Opposition parties in Guinea are participating in local elections for the first time in five years. The elections are being held as the economy in the West African nation is decaying.
Turnout was low in some parts of the capital Conakry, but higher in others, according to journalist Pauline Bax.
"I just came from an opposition neighborhood where the people there said the turnout was pretty good. People were quite enthusiastic about being able to vote," she said. "They were all hoping that this time the vote would be transparent and democratic because the foreign donors are helping with the vote."
Foreign donors want to see proof the elections are democratic before giving more aid, after many elections widely viewed as rigged under President Lansana Conte, in power since a coup in 1984.
Opposition parties have been boycotting polls since 2000, but decided to take part in these. Nearly 40 mayors, including five in Conakry, and more than 300 rural councils are being selected.
Mrs. Bax says many voters were somewhat bewildered by the process.
"The main problem that a lot of voters have is that they do not really know who they are voting for," she added. "What they get is a vote bulletin and they have to choose the party that they vote for, but they usually do not know the candidates by heart. The candidates are not listed on the bulletin, so they are actually just voting for a party when in reality they are voting for a candidate."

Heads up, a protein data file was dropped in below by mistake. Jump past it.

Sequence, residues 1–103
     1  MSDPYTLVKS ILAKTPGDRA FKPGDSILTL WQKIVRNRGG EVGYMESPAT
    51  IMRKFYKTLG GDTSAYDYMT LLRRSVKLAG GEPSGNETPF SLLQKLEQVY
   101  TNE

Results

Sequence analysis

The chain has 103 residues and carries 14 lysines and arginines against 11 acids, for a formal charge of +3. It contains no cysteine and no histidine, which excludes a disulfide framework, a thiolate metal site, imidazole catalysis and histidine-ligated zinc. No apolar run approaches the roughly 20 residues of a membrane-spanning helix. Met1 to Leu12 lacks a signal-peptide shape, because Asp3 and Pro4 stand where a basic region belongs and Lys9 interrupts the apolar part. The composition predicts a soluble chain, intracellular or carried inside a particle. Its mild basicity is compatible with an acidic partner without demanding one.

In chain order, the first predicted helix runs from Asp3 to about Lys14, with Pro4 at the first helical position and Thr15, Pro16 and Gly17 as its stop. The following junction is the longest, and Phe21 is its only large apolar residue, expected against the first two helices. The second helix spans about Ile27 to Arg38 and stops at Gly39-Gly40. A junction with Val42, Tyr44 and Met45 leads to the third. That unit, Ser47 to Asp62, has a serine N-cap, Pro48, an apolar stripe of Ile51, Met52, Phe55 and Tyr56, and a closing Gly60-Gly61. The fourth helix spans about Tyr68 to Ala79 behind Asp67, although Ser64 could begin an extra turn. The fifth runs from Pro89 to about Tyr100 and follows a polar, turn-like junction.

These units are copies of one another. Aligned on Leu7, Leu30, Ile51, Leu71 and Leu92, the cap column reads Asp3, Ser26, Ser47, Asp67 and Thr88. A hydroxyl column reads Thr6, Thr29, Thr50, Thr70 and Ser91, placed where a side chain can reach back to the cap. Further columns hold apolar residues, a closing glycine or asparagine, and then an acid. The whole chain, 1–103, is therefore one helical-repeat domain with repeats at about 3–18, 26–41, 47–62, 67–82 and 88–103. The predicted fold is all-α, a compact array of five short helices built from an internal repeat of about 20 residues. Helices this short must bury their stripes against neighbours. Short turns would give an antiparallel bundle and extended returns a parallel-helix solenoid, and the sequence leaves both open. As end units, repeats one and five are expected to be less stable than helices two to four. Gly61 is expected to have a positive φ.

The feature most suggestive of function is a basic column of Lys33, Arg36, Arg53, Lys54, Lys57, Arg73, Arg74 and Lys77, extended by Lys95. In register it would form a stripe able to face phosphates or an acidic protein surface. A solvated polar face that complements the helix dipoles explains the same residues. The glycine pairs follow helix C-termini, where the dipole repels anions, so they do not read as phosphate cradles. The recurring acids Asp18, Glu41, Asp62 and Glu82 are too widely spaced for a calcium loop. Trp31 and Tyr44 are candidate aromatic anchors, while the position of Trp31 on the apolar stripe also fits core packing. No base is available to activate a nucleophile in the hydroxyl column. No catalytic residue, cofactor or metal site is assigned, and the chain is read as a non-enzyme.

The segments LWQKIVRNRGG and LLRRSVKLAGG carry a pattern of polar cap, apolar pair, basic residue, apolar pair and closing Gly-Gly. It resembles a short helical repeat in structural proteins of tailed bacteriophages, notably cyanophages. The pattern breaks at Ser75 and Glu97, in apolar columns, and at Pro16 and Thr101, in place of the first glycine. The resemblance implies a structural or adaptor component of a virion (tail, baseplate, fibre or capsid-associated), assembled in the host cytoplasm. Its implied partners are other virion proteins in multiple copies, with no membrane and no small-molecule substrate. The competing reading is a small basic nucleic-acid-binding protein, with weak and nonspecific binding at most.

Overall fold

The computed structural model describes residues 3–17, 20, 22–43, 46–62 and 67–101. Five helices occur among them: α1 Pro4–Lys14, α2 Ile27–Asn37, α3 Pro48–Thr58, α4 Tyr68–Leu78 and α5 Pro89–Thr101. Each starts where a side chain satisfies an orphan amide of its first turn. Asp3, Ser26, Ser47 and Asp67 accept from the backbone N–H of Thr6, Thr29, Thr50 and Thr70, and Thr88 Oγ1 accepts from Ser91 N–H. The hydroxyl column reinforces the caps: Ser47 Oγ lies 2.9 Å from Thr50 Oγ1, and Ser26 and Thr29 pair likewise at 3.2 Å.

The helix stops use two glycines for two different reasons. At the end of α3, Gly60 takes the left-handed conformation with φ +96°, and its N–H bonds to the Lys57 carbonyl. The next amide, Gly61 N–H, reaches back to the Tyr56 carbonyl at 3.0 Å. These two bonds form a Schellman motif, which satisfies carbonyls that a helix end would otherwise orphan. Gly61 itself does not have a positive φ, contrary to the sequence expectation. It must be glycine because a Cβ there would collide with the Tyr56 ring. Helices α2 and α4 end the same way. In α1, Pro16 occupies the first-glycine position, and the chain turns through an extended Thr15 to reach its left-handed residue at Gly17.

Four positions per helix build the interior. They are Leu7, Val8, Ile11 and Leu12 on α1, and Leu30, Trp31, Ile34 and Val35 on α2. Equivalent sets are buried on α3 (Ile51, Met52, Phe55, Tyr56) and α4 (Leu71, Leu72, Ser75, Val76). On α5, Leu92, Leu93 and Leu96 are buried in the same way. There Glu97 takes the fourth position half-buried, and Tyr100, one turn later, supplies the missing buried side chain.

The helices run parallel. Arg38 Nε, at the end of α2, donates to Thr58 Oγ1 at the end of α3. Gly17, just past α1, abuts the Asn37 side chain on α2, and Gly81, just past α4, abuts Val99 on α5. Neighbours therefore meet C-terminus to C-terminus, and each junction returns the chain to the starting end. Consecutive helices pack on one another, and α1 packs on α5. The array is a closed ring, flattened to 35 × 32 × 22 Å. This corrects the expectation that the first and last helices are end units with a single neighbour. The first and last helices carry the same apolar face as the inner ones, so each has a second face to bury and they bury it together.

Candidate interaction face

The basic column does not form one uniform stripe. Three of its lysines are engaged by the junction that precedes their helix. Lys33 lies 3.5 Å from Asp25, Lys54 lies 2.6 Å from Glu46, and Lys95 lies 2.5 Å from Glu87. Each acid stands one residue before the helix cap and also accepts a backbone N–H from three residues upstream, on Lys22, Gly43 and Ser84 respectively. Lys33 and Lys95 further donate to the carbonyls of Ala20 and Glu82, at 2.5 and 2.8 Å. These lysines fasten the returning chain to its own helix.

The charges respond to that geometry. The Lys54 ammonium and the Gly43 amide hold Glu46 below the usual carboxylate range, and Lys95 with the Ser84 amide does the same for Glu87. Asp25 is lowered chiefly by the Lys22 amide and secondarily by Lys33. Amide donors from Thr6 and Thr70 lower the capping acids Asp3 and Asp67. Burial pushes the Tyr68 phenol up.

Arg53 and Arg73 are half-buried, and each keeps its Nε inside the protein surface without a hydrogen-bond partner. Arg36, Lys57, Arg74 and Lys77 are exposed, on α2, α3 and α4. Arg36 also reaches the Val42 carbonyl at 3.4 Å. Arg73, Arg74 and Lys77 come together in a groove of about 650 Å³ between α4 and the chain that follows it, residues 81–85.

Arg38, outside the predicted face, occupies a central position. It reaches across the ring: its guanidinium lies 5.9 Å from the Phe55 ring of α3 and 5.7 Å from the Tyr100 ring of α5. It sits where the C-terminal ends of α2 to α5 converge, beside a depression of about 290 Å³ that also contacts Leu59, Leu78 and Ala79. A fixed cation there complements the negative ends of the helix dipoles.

Some residents in opposition areas also complained they did not get their voting card in time.
Main opposition parties are the Union for Progress and Renewal, the Rally for the Guinean People and the Union of Republican Forces.
But their leaders said that many opposition candidates were rejected on formalities, such as providing documents, which they were unable to produce in areas without electricity and photocopiers.
The election comes amid soaring prices for basic goods and decaying infrastructure, as well as growing student protests over worsening living conditions.